Your primary care doctor will most likely evaluate you in person to look for anything abnormal. This evaluation might include imaging tests, such as a CT scan or MRI. If there’s an urgent need for care, such as extreme headaches or a seizure, you may need to go to an emergency room for evaluation.
Brain tumor symptoms can overlap with symptoms related to other medical conditions. Experiencing any of these symptoms does not necessarily mean you have a brain tumor, but it’s important to see a doctor to determine
Request an appointment at MD Anderson online or by calling 1-877-632-6789.
Meningiomas are a primary central nervous system tumor that make up 38% of all primary intracranial tumors. They are typically benign and often go undetected for many years. Even though these types of tumors grow slowly over time, they can become life-threatening.
Neurosurgeon and meningioma expert Franco DeMonte, M.D., breaks down what you should know and what to look out for.
What is a meningioma?
A meningioma is a tumor that forms on the outside membranes that cover the brain and spinal cord. These membranes are called meninges. Meningiomas usually do not invade the brain but press on the brain or spinal cord as they grow. They can occasionally grow outward and cause the skull to thicken.
The vast majority of meningiomas are benign. About 20% show more aggressive growth, and 3% or less are cancerous. When making an official diagnosis, a physician will determine the tumor grade. The grades are based on how abnormal the tumor cells look under a microscope and how quickly the tumor might grow, spread or come back after treatment.
“Grade 1 meningiomas are the least likely to reoccur and least likely to have an aggressive growth pattern. They’re also the most common type of meningioma,” DeMonte says. “As you get to a Grade 2, the tumor is more likely to reoccur after it has been removed and may have a more aggressive growth pattern. A Grade 3 meningioma will most likely regrow. This grade is cancerous and the most aggressive and difficult to treat.”
What are symptoms of meningioma?
While some patients will not experience any symptoms, others might have:
- personality changes,
- weakness or numbness of the face or limbs, and/or
- vision changes.
These meningioma symptoms depend on the tumor’s location. As meningiomas get closer to the nerve, the tumor can affect certain senses, including sight, hearing, taste or smell. If you’re experiencing symptoms or have any cause for concern, reach out to your primary care physician. If you’re having trouble with your vision, see an ophthalmologist.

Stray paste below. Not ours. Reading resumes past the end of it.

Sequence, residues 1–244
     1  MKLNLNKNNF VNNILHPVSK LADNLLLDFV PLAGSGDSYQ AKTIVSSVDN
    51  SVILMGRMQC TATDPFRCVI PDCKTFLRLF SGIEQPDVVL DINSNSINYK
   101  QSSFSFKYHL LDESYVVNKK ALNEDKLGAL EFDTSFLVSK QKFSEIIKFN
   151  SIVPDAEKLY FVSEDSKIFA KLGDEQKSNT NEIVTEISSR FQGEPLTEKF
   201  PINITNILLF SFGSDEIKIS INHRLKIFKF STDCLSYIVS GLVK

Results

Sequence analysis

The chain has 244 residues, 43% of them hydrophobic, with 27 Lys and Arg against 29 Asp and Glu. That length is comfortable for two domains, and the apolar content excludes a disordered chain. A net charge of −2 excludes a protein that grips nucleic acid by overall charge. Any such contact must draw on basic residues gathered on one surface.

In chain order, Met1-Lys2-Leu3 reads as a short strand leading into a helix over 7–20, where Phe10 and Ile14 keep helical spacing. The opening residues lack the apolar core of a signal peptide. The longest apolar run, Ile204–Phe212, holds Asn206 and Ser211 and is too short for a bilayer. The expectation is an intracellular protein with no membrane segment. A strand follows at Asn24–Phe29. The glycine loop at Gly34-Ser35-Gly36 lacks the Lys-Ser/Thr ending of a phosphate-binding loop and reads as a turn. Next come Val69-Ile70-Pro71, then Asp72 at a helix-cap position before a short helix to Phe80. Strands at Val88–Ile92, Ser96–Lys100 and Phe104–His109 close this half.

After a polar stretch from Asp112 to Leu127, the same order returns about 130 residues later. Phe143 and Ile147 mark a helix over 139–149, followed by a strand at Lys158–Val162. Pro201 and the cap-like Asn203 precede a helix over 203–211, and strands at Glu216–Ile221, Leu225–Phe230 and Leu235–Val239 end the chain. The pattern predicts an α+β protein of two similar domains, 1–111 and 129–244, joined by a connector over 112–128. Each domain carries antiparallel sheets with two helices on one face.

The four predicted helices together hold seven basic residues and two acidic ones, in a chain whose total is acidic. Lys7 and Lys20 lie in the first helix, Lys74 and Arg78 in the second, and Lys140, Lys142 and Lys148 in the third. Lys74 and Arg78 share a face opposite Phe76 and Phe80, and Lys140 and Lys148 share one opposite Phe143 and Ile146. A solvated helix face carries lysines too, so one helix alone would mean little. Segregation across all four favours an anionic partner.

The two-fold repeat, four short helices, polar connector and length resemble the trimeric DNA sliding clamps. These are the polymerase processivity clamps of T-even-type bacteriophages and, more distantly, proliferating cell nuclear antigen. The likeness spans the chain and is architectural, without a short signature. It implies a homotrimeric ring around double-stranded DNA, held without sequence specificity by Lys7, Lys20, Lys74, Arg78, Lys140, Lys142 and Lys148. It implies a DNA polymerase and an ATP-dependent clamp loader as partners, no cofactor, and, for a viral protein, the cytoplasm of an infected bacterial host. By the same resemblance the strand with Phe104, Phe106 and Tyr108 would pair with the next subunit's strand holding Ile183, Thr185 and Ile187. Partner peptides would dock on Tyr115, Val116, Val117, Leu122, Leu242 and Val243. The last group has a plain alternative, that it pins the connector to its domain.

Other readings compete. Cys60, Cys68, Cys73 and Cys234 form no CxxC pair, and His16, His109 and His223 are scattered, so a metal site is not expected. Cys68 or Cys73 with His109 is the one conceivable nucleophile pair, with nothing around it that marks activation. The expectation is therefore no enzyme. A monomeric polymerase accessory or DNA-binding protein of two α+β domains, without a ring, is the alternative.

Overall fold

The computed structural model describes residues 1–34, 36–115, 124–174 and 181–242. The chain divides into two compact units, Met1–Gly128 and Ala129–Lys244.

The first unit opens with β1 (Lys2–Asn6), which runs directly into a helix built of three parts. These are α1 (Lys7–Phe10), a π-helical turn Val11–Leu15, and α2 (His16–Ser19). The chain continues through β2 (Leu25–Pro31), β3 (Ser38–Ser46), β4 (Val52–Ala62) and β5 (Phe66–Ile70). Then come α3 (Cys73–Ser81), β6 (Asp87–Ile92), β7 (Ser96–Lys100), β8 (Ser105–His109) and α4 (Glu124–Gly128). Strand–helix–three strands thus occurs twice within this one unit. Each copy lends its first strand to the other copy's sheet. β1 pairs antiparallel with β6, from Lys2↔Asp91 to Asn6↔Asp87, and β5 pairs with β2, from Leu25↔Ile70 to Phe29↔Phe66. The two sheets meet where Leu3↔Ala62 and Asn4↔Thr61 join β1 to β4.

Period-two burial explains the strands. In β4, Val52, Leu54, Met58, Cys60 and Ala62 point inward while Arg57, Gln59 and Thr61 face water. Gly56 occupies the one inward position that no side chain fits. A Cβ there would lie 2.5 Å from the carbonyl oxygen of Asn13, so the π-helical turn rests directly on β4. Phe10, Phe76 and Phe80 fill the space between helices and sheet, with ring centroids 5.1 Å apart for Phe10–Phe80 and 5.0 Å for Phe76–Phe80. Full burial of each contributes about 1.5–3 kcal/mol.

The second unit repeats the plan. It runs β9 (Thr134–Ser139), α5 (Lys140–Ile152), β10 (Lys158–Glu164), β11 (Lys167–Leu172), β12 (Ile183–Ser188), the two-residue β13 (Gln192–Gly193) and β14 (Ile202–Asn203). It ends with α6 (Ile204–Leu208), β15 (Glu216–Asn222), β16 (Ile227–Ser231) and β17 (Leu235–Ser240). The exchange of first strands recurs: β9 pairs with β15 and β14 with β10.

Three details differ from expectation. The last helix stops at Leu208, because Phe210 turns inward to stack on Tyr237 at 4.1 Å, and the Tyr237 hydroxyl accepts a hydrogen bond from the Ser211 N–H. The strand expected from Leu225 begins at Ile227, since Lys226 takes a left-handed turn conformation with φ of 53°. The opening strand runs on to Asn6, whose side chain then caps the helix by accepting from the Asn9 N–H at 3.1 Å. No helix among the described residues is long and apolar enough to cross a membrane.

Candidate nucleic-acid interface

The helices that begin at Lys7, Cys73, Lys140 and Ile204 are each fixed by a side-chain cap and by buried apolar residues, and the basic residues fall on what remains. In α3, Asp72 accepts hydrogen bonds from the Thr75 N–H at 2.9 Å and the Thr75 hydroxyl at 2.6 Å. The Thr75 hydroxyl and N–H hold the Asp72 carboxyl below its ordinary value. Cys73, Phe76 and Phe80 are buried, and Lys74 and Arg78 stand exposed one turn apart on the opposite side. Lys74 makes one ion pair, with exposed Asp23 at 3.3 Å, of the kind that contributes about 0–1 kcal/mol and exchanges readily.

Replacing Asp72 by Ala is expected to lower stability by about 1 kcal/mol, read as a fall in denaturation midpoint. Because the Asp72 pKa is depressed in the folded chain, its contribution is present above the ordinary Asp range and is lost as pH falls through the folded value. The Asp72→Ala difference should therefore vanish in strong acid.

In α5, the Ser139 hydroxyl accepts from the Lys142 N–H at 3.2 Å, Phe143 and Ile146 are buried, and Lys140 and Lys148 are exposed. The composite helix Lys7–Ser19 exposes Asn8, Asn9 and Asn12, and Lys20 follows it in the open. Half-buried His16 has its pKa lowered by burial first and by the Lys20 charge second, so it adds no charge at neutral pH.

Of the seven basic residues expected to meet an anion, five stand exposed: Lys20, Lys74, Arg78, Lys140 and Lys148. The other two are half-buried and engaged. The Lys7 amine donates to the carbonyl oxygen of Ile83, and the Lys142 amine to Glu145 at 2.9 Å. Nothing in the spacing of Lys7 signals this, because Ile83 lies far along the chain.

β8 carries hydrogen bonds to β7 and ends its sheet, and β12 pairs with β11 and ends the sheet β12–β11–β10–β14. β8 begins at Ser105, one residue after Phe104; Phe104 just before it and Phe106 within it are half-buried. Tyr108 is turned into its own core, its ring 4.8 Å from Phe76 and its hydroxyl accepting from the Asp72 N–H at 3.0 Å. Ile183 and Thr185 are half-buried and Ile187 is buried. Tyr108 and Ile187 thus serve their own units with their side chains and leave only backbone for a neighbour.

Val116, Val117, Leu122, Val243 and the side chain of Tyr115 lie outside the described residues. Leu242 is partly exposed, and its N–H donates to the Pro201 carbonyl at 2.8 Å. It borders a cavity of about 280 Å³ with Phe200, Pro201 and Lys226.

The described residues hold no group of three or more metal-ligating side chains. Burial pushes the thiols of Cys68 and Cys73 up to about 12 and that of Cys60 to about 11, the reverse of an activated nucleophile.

How common are meningiomas?
Meningiomas are more common than people might think. “Let’s take the Houston metropolitan area, for example. We know that for every 100,000 MRIs done between 300 to 900 meningiomas will be diagnosed. Even taking the low number, 21,000 Houstonians will be diagnosed with a meningioma,” DeMonte says. “That’s a lot of people.”
How are people typically diagnosed with meningioma?
Most patients are diagnosed through imaging tests. Often, someone will get an MRI or CT scan for another reason, and their results will show a mass. DeMonte says that an MRI with contrast dye is best for detecting meningiomas. In some circumstances, meningiomas cannot be seen without contrast. The gadolinium-based dye identifies meningiomas with ease and provides an accurate image and diagnosis.
How is meningioma typically treated?
Once you’ve been diagnosed with a meningioma, your care team will personalize your treatment plan based on the tumor grade and symptoms. If a tumor appears to be benign and does not press on the brain or cause symptoms, observation is typically recommended. “If the patient has a small tumor that is not in a critical location and under an inch in diameter, we almost always start with observation,” DeMonte says.
Treatment will be needed if the tumor begins to grow or cause symptoms. For most healthy adults, surgery is the next step. A neurosurgeon will perform a craniotomy to safely remove the brain tumor.
However, surgery might not be the best option for meningiomas in certain locations, and additional treatments are available. “We tend not to operate if you have a meningioma in a location like the cavernous sinus, because surgery brings more risks,” DeMonte says. “We don’t want to risk operating and causing cranial nerve damage. For those patients, we recommend radiation, and if the tumor is small enough, stereotactic radiosurgery.”
If a tumor comes back or if the tumor cannot be fully removed with surgery, patients may undergo radiation therapy to destroy tumor cells and stop them from growing. Chemotherapy is also used to treat meningiomas that come back after surgery and radiation.
While many patients only need surgery, it is important to seek care at a cancer center like MD Anderson that offers multidisciplinary care and sees a large number of meningiomas. That way, your team of experts can work together to coordinate your care and ensure all aspects of your care are supported. “It’s best to go somewhere that can do it all,” says DeMonte.
Will I need continuous care after meningioma treatment?
If you need surgery, recovery time will vary depending on the size and location of the meningioma. Most patients have their energy back at six weeks, and tissues are completely healed around three months.
For patients who only need observation, how often you visit your doctor will depend on your health care needs.